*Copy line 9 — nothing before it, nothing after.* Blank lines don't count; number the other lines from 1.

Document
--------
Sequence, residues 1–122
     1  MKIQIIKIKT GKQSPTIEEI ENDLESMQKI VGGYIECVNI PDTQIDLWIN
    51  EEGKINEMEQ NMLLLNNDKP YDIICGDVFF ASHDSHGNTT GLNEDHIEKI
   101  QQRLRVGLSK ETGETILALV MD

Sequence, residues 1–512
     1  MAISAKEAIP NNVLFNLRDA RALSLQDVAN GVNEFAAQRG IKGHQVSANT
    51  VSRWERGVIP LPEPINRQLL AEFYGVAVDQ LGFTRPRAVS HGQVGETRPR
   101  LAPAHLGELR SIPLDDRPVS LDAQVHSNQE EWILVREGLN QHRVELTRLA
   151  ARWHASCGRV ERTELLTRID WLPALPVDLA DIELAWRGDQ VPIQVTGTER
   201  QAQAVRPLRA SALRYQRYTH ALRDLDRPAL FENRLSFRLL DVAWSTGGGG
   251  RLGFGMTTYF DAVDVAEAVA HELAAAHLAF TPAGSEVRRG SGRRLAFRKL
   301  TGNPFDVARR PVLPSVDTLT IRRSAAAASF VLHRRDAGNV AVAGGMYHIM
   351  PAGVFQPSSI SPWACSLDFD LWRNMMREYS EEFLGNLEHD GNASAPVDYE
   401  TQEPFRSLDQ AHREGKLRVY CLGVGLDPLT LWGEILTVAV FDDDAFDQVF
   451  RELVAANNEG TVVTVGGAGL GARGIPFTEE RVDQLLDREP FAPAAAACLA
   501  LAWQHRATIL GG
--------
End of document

   151  ARWHASCGRV ERTELLTRID WLPALPVDLA DIELAWRGDQ VPIQVTGTER